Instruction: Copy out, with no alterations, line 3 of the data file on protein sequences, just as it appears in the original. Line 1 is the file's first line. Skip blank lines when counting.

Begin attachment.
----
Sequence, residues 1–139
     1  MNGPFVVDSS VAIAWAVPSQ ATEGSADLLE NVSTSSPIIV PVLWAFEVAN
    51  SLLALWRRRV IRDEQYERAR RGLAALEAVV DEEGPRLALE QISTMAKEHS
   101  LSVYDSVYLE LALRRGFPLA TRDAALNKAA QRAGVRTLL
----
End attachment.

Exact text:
    51  SLLALWRRRV IRDEQYERAR RGLAALEAVV DEEGPRLALE QISTMAKEHS